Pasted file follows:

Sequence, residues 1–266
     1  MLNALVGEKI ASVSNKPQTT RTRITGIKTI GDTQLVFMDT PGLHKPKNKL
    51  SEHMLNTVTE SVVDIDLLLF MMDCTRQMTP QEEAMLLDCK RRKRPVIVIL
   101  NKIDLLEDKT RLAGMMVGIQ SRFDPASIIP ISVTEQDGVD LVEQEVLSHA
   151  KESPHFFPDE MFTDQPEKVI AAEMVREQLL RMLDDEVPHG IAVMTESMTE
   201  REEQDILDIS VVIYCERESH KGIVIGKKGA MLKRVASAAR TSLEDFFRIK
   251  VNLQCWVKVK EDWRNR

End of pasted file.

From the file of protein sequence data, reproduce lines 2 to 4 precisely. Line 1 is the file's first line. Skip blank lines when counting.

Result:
     1  MLNALVGEKI ASVSNKPQTT RTRITGIKTI GDTQLVFMDT PGLHKPKNKL
    51  SEHMLNTVTE SVVDIDLLLF MMDCTRQMTP QEEAMLLDCK RRKRPVIVIL
   101  NKIDLLEDKT RLAGMMVGIQ SRFDPASIIP ISVTEQDGVD LVEQEVLSHA